Objective: To describe the presentation and incidence of Kaposi's sarcoma (KS) in a cohort of women infected with HIV and to compare their clinical characteristics with men at the same institution.
Design: Retrospective chart and database review.
Setting: Adult clinical AIDS program outpatient clinics at a municipal teaching hospital.
Results: One hundred and seven people with KS were found of whom twelve (11.2%) were women. The prevalence of KS in women was 3.6% compared with 9.9% among men (P < 0.001). Women born outside the United States were at increased risk of developing KS (P < 0.05). At initial KS presentation, no difference in HIV stage or CD4 count was found between men and women. Women presented with more advanced KS than men, with increased incidence of non-cutaneous disease (P < 0.001), lymphedema (P < 0.0001), lymph-node disease (P < 0.0001) and visceral disease (P = 0.03). Women had decreased survival after KS diagnosis compared to men, although the difference was not significant (P = 0.41).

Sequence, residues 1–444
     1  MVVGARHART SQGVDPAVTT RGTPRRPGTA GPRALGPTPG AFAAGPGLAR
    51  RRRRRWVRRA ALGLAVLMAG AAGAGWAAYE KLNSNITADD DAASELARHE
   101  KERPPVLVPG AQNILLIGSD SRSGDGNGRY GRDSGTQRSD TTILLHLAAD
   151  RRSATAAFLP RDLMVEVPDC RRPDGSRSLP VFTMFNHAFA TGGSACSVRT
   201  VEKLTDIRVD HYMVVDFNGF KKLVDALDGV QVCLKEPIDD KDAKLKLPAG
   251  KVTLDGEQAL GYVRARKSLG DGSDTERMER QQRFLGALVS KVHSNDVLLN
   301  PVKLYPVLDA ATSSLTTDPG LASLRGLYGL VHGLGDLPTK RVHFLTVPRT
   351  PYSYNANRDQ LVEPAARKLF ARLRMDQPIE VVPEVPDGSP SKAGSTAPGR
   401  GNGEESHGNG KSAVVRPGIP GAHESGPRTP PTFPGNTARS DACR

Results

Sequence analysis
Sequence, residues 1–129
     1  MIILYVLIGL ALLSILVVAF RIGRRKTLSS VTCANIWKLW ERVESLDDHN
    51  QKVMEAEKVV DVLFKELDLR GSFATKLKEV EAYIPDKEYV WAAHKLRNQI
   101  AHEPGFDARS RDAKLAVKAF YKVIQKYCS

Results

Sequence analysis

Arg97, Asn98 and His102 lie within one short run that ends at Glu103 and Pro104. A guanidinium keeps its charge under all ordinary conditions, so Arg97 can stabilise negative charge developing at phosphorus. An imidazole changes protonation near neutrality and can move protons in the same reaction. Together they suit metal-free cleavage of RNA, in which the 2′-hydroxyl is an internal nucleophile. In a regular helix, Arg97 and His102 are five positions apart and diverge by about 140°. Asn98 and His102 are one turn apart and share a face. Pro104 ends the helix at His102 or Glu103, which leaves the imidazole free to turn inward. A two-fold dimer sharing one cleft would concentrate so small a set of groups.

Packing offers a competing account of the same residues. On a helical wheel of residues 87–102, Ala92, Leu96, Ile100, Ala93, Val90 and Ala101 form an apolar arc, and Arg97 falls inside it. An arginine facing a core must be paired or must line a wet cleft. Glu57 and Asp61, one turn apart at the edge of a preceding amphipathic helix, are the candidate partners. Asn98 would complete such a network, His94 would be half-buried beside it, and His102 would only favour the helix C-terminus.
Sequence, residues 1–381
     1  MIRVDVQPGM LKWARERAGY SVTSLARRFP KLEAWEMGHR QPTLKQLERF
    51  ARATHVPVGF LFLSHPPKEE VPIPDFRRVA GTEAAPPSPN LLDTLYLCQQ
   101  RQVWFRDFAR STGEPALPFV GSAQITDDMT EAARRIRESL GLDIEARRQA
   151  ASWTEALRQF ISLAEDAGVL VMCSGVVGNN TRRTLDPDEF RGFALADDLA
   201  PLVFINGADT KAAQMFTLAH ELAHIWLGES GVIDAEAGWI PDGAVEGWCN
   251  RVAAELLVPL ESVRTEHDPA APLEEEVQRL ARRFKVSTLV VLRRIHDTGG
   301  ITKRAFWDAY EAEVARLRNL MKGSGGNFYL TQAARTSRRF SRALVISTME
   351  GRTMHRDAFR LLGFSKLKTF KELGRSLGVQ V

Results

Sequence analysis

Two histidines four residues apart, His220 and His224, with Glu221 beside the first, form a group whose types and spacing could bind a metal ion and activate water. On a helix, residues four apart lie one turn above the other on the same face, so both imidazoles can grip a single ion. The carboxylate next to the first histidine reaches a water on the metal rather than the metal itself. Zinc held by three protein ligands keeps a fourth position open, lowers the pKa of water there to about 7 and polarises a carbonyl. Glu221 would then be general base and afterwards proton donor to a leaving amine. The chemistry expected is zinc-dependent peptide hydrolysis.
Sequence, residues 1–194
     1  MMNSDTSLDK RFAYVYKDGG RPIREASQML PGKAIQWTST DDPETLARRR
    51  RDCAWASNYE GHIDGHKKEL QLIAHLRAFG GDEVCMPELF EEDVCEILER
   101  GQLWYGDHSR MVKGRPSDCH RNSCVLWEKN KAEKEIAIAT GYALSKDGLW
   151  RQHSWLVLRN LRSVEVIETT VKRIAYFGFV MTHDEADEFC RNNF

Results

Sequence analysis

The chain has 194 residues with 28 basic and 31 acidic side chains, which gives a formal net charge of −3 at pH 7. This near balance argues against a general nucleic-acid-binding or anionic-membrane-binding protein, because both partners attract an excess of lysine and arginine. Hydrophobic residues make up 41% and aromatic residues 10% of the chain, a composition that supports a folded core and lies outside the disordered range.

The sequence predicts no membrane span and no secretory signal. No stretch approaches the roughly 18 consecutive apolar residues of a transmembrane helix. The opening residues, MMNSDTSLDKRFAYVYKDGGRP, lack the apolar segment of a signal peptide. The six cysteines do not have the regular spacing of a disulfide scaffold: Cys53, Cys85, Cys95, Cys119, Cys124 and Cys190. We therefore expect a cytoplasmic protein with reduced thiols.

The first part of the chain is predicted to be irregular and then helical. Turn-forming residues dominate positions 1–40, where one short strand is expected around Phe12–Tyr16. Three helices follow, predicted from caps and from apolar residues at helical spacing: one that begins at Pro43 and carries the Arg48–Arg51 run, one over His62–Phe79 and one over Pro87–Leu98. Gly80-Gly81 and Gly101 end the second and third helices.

Conclusions: KS is not a rare diagnosis in HIV-infected women followed at our institution. Although the increased risk of KS in men is most likely to be related to differences in exposure, the sex-related differences in presentation and course may be due in part to delay in diagnosis. KS should be considered in the spectrum of HIV-related complications in women as well as in men.